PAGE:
tuation where Greece cannot pay back its public debt can no longer be excluded, European Central Bank Governing Council member Klaas Knot has told a Dutch newspaper.
Until recently, European leaders have rejected any chance of Greece defaulting, but are moving slowly to allow for the possibility of this happening.
Knot became the first euro zone central banker warning outright of the possibility of a Greek default.
Asked by Dutch daily Het Financieele Dagblad about a Greek default, Knot admitted it was being studied.
"It is one of the scenarios. I'm not saying that Greece will not go bankrupt," he was quoted as saying.
"I've long been convinced that bankruptcy is not necessary. The news from Athens, however, is at times not encouraging."
The Dutch central bank head, who entered office this summer in a controversial appointment, continued by saying European partners had worked hard to help Greece, but faulted the country for not understanding the gravity of the situation.
"All efforts are aimed at preventing this, but I am now less certain in excluding a bankruptcy than I was a few months ago," Knot said, and continued by saying he wonders "whether the Greeks realise how serious the situation is."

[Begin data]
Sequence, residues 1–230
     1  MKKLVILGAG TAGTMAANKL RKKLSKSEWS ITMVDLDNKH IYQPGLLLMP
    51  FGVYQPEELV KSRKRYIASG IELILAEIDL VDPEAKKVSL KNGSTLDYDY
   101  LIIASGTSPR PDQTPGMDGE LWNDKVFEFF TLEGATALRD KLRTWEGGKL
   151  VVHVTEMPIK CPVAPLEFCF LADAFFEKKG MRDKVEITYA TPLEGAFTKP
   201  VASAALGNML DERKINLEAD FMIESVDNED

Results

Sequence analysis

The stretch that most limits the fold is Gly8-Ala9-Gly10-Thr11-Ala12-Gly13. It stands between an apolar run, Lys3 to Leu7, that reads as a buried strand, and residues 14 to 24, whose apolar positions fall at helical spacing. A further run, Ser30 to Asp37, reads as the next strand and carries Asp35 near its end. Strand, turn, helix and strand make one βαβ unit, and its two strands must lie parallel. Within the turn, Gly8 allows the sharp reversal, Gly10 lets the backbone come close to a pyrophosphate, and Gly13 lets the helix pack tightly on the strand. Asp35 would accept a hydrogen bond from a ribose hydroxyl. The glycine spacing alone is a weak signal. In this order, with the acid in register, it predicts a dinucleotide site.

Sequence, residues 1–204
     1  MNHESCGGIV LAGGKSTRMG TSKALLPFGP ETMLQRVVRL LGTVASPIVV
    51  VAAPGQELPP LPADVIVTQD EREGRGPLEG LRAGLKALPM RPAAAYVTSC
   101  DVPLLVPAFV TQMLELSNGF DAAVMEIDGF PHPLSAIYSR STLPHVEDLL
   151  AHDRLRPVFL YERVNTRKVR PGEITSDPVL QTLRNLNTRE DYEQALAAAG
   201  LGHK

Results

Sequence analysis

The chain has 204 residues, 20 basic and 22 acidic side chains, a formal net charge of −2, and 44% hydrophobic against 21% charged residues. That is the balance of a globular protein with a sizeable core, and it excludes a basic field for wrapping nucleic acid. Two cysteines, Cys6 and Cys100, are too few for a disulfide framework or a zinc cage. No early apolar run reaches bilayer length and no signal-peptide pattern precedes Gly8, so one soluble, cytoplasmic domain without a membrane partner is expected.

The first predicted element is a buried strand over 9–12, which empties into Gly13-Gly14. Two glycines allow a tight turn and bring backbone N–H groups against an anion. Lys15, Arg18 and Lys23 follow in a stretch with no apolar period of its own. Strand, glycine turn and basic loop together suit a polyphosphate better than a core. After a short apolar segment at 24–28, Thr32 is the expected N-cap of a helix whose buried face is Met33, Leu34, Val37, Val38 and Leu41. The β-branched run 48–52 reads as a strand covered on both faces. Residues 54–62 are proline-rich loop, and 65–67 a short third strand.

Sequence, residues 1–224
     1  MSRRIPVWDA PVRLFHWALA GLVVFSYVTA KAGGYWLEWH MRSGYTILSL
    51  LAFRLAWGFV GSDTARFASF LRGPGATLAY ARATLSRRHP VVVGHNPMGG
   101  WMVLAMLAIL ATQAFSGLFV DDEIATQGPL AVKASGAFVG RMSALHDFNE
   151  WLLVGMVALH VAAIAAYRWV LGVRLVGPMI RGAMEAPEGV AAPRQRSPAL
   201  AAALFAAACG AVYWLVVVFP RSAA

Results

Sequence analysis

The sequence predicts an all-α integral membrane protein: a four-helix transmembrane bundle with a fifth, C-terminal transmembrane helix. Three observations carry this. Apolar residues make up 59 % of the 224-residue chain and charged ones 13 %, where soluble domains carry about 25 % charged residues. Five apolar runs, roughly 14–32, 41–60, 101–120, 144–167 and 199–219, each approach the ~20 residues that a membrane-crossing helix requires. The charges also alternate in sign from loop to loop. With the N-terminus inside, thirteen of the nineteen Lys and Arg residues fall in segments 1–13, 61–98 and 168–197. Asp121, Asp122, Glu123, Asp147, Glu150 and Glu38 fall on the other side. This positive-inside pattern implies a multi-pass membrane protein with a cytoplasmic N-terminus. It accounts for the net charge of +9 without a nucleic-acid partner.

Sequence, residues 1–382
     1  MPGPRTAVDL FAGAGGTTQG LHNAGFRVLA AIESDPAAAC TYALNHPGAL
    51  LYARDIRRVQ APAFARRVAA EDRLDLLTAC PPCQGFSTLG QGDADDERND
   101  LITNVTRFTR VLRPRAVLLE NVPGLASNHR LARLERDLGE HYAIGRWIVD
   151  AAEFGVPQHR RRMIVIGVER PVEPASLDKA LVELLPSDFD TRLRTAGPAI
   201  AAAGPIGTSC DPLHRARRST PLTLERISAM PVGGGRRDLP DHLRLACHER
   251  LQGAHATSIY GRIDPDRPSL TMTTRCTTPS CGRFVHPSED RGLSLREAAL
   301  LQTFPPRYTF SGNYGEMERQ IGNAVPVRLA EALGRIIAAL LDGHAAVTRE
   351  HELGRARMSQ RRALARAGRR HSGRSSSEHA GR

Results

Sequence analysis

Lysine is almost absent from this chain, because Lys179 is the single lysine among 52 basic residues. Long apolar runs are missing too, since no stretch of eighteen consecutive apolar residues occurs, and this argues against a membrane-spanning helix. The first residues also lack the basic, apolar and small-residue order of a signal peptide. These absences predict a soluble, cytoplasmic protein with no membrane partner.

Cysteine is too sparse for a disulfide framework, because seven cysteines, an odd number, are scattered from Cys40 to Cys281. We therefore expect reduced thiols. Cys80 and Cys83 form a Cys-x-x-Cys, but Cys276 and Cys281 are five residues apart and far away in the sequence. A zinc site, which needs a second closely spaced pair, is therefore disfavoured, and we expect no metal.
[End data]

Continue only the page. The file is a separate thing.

Olli Rehn, European Union Economic and Monetary Affairs Commissioner, said on Thursday European leaders will not allow an uncontrolled default of Greek debt and will not let the country leave the euro zone, but did not explicitly rule out the possibility of Greece defaulting, which many economists now see as inevitable.
In a sign of a sharper tone from central bankers, an ECB study, co-authored by Executive Board member Juergen Stark, on Thursday warned the entire euro currency project was now in peril.
The ECB announced last week Stark's resignation from the 17-country bloc's central bank. Sources have told Reuters he left because of his resistance to ECB's bond buying, which Knot also opposes.